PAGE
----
They are very diverse in appearance, with carapaces varying in colour from black to blue to copper. The ancient Egyptian scarabs are actually images of dung beetles. The beetles have a lifespan of approximately 3 years. Their eggs, which are laid in the dung, hatch into larvae which eat the solid matter surrounding them. The adults generally only drink the liquid nutrient which is present in the dung.
It is well known that many species of birds and insects use sunlight to navigate, but in 2003 a group of researchers discovered a species using polarization of moonlight to navigate. That very clever creature is a dung beetle, the African Scarabaeus zambesianus.
At Sabi Sabi, guests are generally fascinated and highly entertained by the antics of the rolling dung beetles. Two beetles, a male and a female create the ball, with the male pushing it away from the dung pile with its back legs, as quickly as possible. The female hangs on for dear life. Everybody is always amazed by the strength and tenacity of these little beetles, as they roll their ball of dung in a straight line over all sorts and sizes of obstacles, sometimes pushing more than 50 times their body weight up a steep embankment.
Sabi Sabi Wild Facts: Dung Beetles Part 3
In and around Southern Africa the Dung Beetles (sub-family scarabaeidae) all utilise faeces for sustenance and egg development. Dung Beetles can be split into four major groupings depending on their habits;
Endocoprids are dung beetles that burrow and nest ‘in situ’ when fresh dung is discovered.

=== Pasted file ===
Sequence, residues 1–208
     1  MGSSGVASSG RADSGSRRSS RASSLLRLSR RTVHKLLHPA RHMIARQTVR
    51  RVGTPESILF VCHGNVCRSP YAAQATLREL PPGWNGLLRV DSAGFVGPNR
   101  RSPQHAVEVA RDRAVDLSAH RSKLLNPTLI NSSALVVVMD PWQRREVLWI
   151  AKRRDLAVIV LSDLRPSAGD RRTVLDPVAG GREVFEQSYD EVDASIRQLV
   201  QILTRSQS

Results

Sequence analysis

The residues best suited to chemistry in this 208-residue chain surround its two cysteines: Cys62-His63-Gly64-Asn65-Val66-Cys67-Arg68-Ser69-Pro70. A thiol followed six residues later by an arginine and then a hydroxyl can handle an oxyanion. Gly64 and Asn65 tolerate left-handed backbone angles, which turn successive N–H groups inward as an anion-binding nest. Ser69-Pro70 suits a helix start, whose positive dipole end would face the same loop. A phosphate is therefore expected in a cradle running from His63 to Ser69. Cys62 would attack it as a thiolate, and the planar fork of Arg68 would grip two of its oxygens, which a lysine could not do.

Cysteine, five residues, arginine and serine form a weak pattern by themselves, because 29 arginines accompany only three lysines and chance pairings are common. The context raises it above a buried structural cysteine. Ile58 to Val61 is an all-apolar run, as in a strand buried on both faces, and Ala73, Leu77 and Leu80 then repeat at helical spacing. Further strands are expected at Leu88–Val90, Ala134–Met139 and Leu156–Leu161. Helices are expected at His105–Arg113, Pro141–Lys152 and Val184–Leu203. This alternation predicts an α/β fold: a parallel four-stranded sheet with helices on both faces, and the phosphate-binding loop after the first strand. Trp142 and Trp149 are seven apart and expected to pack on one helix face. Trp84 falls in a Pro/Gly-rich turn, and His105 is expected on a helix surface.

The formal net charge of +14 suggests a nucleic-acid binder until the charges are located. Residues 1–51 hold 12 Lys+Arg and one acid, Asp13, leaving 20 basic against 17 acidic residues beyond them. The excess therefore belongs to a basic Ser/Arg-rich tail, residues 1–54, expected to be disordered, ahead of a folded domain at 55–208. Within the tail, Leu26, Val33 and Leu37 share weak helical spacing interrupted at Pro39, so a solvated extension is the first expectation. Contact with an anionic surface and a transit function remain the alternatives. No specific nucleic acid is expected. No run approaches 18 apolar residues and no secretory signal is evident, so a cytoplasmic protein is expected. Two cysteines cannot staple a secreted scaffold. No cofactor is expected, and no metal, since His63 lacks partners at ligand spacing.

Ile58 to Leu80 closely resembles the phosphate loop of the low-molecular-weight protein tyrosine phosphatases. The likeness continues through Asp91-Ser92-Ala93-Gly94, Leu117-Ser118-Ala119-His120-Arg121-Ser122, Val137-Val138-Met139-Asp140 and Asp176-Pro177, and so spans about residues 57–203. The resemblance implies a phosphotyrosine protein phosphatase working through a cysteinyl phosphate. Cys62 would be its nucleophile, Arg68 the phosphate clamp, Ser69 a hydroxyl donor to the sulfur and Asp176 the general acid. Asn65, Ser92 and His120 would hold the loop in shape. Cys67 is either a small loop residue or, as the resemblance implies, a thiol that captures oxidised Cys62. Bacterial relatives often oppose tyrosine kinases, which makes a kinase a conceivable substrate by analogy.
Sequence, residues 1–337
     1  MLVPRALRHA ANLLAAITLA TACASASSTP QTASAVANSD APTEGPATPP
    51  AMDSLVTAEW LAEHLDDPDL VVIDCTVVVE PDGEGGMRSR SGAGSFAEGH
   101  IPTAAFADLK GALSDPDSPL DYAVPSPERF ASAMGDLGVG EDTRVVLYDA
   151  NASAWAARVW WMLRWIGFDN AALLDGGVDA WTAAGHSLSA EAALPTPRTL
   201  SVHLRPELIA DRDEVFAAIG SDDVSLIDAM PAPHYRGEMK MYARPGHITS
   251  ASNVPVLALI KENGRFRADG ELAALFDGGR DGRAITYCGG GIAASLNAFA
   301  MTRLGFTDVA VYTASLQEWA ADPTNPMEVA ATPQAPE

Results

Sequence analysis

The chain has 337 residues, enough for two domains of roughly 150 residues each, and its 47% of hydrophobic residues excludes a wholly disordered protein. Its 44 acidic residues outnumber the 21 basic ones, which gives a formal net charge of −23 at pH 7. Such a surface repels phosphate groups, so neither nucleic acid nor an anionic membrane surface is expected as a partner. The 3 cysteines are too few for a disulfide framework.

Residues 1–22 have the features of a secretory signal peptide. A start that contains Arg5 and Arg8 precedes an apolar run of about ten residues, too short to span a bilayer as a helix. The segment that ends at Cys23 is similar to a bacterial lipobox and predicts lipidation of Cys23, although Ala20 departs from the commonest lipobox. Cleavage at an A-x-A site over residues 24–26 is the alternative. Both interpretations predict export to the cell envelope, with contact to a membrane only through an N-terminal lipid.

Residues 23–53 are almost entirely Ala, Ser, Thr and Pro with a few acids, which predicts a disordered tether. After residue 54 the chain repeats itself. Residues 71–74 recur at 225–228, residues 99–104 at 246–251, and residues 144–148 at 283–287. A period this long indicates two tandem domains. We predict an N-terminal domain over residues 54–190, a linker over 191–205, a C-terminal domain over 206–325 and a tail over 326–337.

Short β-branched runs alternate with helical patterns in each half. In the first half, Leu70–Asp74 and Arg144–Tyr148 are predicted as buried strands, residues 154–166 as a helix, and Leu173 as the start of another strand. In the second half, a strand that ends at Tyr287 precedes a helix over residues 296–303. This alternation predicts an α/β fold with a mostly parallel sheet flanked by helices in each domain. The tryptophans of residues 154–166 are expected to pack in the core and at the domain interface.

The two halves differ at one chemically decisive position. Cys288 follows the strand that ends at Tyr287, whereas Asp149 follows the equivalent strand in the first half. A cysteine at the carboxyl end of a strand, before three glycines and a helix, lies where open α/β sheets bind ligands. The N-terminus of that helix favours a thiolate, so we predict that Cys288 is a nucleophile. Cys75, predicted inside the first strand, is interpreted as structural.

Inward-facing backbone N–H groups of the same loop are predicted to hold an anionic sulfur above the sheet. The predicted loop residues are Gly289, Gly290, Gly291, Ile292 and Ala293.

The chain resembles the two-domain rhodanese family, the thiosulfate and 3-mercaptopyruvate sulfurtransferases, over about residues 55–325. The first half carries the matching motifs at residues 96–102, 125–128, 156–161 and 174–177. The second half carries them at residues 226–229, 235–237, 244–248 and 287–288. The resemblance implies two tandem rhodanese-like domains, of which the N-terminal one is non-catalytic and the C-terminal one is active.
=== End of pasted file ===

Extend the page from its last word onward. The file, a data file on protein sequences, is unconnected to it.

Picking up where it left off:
Paracoprids tunnel beneath the dung pile and deposit dung at the end of the tunnel for consumption and egg incubation.
Telocoprids are the most well known group; gathering and rolling dung balls away from the dung pile and later burying the ‘brood ball’ below ground. The telocoprid (often called the African Dung Beetle) is often used as a control for ageing animal dung in the summer, as no more than 20 minutes tend to pass from when the dung is deposited until the beetles find and start working on it.
The male will collect and roll the dung, forming a movable ball that will be pushed with the back feet as the front legs are armed with serrations to grip the ground for stability. When the ball is of a suitable size, the male releases a pheromone, attracting a female. She will cling to the ball as the male continues to roll in search of soft soil. When appropriate soil is located, the pair use their shovel shaped heads to dig away beneath the ball, slowly burying it.
The female lays her eggs in the dung ball (referred to at this stage as the ‘brood ball’) and the larvae are left to develop using the dung as sustenance during the metamorphic process.
Kleptocoprids locate brood balls of other dung beetle groups and parasitize them by laying their own eggs on the host’s ball. Kleptocoprid larvae have been seen to kill the host beetle larvae during development therefore playing no part in faeces cycling. Other dung beetles play a major role in the ecosystem in secondary seed dispersal, nutrient cycling and parasite suppression.